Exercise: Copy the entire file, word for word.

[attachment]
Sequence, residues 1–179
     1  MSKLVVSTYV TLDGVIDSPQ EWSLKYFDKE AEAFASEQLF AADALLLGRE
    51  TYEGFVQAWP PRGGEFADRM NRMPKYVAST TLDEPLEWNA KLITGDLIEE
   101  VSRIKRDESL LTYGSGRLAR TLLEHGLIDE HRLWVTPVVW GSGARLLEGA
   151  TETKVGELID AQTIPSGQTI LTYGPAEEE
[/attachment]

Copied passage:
Sequence, residues 1–179
     1  MSKLVVSTYV TLDGVIDSPQ EWSLKYFDKE AEAFASEQLF AADALLLGRE
    51  TYEGFVQAWP PRGGEFADRM NRMPKYVAST TLDEPLEWNA KLITGDLIEE
   101  VSRIKRDESL LTYGSGRLAR TLLEHGLIDE HRLWVTPVVW GSGARLLEGA
   151  TETKVGELID AQTIPSGQTI LTYGPAEEE